ID #1058

I have problems with importing CSV data


Problems with importing CSV-files frequently occur at the Webyog Forums. We will here outline the basics.

1) What is CSV?

CSV stands for 'Comma Separated Values'. Although CSV represents some attempt to standardize exchange of data across applications using text files, it is poorly standardized. Sometimes a singlequote is used for enclosing values, sometimes a doublequote; sometimes all types of data are enclosed, sometimes only string data. And in most of continental Europe (where the comma is used for decimal notation - ie: "4.123,7" instead of English notation "4,123.7") it is a de facto convention to use semicolon and not comma as field separator! Localized versions of Microsoft Excel and the Microsoft text-ODBC-driver handles it that way for instance! Thus as CSV really becomes a SSV ('Semicolon Separated Value') in most of Europe. But not matter what: SQLyog handles it all.

2) How does SQLyog import CSV to a MySQL database?

SQLyog issues the MySQL-command 'LOAD DATA LOCAL INFILE'. Read the MySQL docs on that here:

The values entered in the settings dialogue simply are used for constructing the LOAD DATA LOCAL INFILE statement.

As a consequence you cannot import a CSV-file at your local to a remote MySQL server when connected with HTTP-tunneling - because technically the client is the PHP binary running at the remote host with HTTP-tunneling. So the system would look for the file at the remote host itself! Also MySQL cannot have LOAD DATA LOCAL INFILE disabled with "local-infile = 0" directive in the configuration file (my.cnf/my.ini)

The MySQL-command 'LOAD DATA LOCAL INFILE' is actually the 'inverse' of what SQLyog does when it generates a CSV-file - it then simply executes
"SELECT .. into outfile ... (optionally) enclosed by ... terminated by .. escaped by ..."

3) A note on escaping etc.

1) Starting with version 5.13 a small improvement with the 'Export as CSV' and 'Import as CSV' settings dialogue and the 'standard' MySQL escape character '\' has been implemented: No matter if you enter '\' or '\\' as escape character, SQLyog now does the same: it simply uses '\' as the escape character. What is sent to MySQL is (literally) " ... escaped by '\\'" - and as '\\' is an escaped '\' it will use '\' as the escape character (this escaping is exactly as you will have to send "INSERT INTO ... (... ,'backs\\ash', ...) .... " to the server to insert the literal string 'backs\ash'. It has confused quite a lot of users over the years that the escape character '\' itself also had to be escaped like '\\' in the 'Export as CSV' settings dialogue. As of SQLyog 5.13, you may escape it or not - or put another way: both '\' and '\\' in the settings dialogue makes SQLyog use the escape character '\'. It sends " ... escaped by '\\'" to MySQL. To allow for the use of '\\' the settings dialogue lets you input two characters, but you should only use one: the 'standard' '\' (entered as '\' or '\\') or any other character.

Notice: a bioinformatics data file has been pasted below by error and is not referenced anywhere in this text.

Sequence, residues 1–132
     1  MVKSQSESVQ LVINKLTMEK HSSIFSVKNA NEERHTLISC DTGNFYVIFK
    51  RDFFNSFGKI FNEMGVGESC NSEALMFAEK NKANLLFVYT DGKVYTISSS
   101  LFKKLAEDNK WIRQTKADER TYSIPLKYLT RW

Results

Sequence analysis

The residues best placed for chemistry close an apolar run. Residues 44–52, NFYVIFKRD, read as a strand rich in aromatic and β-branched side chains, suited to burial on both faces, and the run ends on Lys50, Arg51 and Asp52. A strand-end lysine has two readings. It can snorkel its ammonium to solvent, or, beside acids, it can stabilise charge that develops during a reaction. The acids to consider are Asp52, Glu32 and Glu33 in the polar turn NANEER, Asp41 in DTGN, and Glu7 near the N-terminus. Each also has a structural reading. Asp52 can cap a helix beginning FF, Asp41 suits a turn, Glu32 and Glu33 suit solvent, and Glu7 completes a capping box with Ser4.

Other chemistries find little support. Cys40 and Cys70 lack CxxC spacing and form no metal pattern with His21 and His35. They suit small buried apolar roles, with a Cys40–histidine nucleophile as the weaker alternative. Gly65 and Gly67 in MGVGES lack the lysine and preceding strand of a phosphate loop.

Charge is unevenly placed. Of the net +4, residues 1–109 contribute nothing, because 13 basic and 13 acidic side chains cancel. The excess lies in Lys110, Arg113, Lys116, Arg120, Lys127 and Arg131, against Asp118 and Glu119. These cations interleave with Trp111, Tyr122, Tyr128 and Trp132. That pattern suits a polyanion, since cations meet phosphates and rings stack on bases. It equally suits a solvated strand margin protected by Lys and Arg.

2) you must use the platform-independent C-syntax notation (that also MySQL uses) for "linefeed" ( \n ), "carriage return" ( \r ) and "tab" ( \t ); unless you have changed the escape character - you will then of course need to use your chose n escape character.

3) When using the singlequote character as delimiter when importing strings that have the singlequote character in it itself the enclose character must be specified as " \' "

Read the MySQL docs on how to use escaping within strings:

But as said - with the LOAD DATA INFILE and INSERT INTO OUTFILE statements as generated by SQLyog GUI you may override the standard values (if the word 'standard' applies to CSV at all!) - and it then only has effect with that single statement only. For instance you can use the | character ("pipe") as delimiter, the * character as enclose character and the ^ character as escape character if you want.

Overriding the standards can be practical (makes the file more human readable) when working with character data having comma, semicolon, singlequote and doubleqoute characters (and maybe even " \ " and more 'problematic' characters!) in them. Provided that the application used 'at the other end' has that flexibility.

4) A few tricks

1) To import a tab-delimited txt-file simply use \t as the delimiter setting. That is a workaround to use with Excel-data where you do not know what characters occurs inside strings and have difficulty in choosing an enclose character: export as a tab-delimited .txt file, and use the setting " \t " as delimiter when importing with SQLyog. It should be clear now that you can import almost any format text file with SQLyog once you understand to 'tune' the settings.

2) Consider using ODBC instead. For instance an Excel data file (.xls -file) can be opened from Microsoft Access. After saving data in Access-format you can transfer data using ODBC. Then you even don't have to define the columns in advance if the spreadsheet contains the column names in the upper row. ODBC does that for you. And with the SQLyog Import External Data Tool you can adjust the datatypes to your need in the import process.

3) Don't miss the settings available at the bottom of the settings dialogue! With the options available here you can skip header - and other garbage - lines, and you can control if existing data shall be overwritten or not. Refer to the SQLyog help file on that!

Also read this FAQ on importing CSV-data using the Import External Data Tool


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